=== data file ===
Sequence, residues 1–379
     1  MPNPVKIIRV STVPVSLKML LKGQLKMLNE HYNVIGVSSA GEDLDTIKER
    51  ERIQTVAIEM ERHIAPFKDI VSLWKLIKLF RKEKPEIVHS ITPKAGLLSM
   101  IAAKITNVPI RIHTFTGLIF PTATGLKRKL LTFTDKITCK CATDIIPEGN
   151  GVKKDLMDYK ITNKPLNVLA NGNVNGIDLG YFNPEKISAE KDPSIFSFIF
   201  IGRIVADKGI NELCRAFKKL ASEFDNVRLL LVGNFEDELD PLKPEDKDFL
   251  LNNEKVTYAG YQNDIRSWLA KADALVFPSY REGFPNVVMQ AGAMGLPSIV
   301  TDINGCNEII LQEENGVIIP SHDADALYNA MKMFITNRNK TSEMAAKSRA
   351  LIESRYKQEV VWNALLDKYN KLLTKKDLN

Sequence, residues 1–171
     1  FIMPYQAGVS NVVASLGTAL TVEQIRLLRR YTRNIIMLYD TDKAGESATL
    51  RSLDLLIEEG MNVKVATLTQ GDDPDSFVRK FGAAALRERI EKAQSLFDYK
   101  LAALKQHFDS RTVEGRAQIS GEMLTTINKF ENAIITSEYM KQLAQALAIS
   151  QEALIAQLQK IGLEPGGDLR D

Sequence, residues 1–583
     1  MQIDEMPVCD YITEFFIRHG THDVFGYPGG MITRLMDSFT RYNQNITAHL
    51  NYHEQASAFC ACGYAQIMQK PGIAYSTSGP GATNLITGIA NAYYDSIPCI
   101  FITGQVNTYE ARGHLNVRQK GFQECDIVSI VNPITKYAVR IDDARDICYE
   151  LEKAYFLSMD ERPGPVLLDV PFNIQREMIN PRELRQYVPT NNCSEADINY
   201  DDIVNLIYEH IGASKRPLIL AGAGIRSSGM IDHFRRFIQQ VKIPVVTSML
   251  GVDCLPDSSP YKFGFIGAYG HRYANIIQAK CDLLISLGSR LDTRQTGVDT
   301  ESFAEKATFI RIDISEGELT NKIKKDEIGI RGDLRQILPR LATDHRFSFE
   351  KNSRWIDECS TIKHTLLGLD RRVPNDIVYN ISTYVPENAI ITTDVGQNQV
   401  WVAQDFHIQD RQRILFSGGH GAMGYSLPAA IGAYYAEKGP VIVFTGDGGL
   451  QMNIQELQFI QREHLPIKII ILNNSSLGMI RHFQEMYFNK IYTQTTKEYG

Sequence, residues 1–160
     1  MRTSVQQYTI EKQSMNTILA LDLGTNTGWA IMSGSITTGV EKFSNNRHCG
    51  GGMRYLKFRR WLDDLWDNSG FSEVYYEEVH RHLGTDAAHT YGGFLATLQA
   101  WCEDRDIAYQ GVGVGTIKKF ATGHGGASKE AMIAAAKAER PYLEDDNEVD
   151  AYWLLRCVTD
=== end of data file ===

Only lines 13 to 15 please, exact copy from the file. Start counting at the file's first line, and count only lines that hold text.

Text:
   101  LAALKQHFDS RTVEGRAQIS GEMLTTINKF ENAIITSEYM KQLAQALAIS
   151  QEALIAQLQK IGLEPGGDLR D

Sequence, residues 1–583